Is artificial intelligence in facilities management the solution to climate change, and if so, what would its impact be on the systems of today and the near future?
The demand for energy-efficient facilities management systems is increasing at a remarkable pace. Carl Weinschenk of Energy Manager Today, quotes a Navigant Research report stating that demand for artificial intelligence in facilities management, including automation and machine-learning in energy management systems, will increase from $24.1 billion to $38.6 billion by 2025. This spike in demand is based on the increasing speed and capacity of today’s systems, and artificial intelligence is paving the way forward.
1. Artificial Intelligence Is Already a Part of Life, Including Energy Management
Artificial intelligence is not something resigned to Hollywood anymore. Today, artificial intelligence (AI) exists in every smartphone, home, and business in some form. Even computer assistants, like Cortana, Alexa, Google, and Siri, are types of artificial intelligence, and they have the potential to add a layer of sophistication and ease-of-access to modern energy management systems.
2. Optimized Services Enhance the Allure of AI
The second impact derives its value from the ease-of-access garnered through AI. Connecting a facilities management system to artificial intelligence allows for immediate help, notification, and action of issues without requiring anything more than a directive from a device’s user. Real-time alerts also build on the allure of AI.
For example, Siri can read a phone’s notifications in real-time. For facilities managers using artificial intelligence and existing analytics and dashboarding tools, this means being able to “hear” the device announce a problem. Also, AI in facilities management can be used to make changes to the system through voice recognition or automated systems.
3. AI Propagates New Revenue Streams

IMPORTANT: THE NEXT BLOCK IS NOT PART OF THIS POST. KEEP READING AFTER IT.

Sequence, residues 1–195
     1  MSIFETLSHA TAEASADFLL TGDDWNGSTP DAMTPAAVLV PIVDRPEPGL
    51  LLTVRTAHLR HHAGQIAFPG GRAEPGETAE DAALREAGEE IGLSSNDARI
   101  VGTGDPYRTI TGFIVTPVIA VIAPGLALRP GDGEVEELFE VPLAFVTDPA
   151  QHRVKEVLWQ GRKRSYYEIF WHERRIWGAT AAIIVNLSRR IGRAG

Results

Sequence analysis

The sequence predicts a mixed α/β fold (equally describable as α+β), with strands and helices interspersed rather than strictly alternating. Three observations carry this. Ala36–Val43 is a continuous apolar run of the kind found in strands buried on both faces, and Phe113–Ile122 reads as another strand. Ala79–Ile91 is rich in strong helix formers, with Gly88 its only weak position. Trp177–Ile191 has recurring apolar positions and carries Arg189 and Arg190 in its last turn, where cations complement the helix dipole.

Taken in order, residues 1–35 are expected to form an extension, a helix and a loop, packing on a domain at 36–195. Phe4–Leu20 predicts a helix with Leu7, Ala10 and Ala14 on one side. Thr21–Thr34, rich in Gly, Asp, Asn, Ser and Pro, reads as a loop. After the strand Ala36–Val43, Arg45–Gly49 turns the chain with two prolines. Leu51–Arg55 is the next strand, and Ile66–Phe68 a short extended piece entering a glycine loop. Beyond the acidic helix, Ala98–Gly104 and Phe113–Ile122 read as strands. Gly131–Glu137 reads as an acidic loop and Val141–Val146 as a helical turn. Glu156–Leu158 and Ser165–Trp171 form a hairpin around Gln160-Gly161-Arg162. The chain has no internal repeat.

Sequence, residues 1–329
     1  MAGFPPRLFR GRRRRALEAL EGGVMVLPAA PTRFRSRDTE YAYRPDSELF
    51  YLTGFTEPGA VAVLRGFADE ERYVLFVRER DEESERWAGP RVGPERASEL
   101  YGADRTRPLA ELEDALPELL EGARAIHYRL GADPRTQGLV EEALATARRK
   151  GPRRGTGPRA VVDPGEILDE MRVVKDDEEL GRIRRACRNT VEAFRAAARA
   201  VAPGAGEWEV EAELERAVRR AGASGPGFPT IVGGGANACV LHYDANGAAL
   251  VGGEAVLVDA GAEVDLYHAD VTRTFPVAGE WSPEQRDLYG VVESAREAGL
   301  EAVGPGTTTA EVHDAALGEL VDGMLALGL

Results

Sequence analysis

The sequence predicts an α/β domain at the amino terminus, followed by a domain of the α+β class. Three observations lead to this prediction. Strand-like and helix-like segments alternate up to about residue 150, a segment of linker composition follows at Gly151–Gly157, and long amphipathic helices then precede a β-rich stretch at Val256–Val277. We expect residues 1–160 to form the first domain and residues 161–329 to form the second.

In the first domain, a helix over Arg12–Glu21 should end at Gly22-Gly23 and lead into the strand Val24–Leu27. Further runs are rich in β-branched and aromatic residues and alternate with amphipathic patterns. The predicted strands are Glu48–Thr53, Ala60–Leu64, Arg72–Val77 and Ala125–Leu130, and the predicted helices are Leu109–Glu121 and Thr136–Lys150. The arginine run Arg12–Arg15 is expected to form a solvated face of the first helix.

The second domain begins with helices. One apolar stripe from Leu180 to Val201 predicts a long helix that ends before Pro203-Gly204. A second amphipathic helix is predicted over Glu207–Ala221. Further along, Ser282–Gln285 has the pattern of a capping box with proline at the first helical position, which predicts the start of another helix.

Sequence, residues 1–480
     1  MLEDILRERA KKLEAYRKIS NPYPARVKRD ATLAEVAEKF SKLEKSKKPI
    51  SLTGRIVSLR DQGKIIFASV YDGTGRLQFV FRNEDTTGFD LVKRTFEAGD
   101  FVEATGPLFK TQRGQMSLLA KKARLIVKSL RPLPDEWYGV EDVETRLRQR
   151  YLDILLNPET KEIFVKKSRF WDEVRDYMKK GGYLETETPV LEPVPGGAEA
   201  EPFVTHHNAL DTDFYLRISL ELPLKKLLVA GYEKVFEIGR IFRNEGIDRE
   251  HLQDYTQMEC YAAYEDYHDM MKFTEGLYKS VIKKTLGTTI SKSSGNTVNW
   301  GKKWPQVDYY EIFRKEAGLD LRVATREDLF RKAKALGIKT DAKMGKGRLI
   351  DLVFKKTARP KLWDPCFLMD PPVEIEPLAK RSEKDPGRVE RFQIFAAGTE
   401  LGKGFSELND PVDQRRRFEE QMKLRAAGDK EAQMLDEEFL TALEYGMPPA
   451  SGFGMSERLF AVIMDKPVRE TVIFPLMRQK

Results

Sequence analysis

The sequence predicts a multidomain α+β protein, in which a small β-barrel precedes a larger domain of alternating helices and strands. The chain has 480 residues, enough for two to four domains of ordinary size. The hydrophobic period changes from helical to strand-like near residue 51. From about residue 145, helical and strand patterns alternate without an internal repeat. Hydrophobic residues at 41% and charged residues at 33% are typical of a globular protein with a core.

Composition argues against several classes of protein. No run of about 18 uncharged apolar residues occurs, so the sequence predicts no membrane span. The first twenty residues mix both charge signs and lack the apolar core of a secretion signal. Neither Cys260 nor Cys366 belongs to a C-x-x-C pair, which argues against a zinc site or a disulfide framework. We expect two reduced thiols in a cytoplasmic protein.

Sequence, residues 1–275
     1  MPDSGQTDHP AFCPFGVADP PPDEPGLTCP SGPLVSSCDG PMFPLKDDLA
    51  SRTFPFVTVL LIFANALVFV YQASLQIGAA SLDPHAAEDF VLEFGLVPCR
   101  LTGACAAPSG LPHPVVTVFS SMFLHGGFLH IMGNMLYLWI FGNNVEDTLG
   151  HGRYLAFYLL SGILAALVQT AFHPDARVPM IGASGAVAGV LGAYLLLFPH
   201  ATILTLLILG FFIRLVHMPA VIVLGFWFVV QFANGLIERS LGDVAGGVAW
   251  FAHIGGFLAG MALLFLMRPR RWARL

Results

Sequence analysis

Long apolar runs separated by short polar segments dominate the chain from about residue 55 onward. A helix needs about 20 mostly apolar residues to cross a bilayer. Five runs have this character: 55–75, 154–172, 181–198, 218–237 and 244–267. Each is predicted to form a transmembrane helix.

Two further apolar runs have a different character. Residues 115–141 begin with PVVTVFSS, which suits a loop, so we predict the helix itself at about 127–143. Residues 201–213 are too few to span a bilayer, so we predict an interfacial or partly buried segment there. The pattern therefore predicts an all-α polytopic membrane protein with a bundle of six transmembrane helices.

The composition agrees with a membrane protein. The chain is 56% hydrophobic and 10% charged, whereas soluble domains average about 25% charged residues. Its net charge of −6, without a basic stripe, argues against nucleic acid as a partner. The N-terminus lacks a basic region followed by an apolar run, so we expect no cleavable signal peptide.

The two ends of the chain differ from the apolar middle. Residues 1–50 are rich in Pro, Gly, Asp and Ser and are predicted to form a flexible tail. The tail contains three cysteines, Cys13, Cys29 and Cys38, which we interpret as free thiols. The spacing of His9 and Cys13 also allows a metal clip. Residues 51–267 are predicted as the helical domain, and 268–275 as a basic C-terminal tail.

AI in facilities management also includes the use of robotics to enhance and perfect existing facility management duties, like cleaning and repairs. As explained by Nick Barker of CSG Talent, one company, Sealed Air, has developed scrubber, vacuum and sweeper robots, comparable to Roomba, that can clean up to 10,000 Ft2 in an hour. This same space would require at least one hour for two or three staff members to clean. In other words, the costs are lowered, but it also holds the possibility of developing new revenue streams.
For example, the use of data in one building may be used to encourage spending by local, state, or federal governments for company expansion. Meanwhile, applying AI to existing facilities management needs could lead to better use of cleaners and supplies.
4. Timeline Predictability Will Increase With the Power of AI
Maintenance costs are a major drain on facilities management resources, but humans are limited in our ability to predict things. Even when looking at facts, people can only remember seven ± two things in short-term memory, reports Science Direct. This means a person looking at tickets for maintenance of a specific unit is still likely to result in an inaccurate conclusion about the unit’s probable issues and possible repairs in the future. However, AI can track thousands of independent and dependent variables, looking for correlations and patterns that emerge at a fraction of the time it would take a person to scan a maintenance report. As a result, the predictability of equipment timelines will increase and grow more accurate.
5. Integration is the Next Step in the Progression Toward Artificial Intelligence in Facilities Management
Integration is the final piece of the puzzle. AI relies on a network, comparable to synapses between brain cells, and as more devices come online, the overall processing capacity and skill of AI increases. Thus, integrating all existing systems is essential to the success and continued deployment of AI in facilities management. This also becomes a self-propagating cycle as more devices demand a higher level of AI, resulting in additional devices and analytics streams connecting to the system.
The Big Picture
Artificial intelligence in facilities management is here to stay, and it will replace some jobs in the field. However, this replacement will enable your team to focus on quality-related demands, increasing the efficiency and profitability of your company. The five impacts stand for the breakthroughs of the next Industrial Revolution through artificial intelligence, and you owe it to yourself, your company and your staff to embrace AI before your competitors replace you.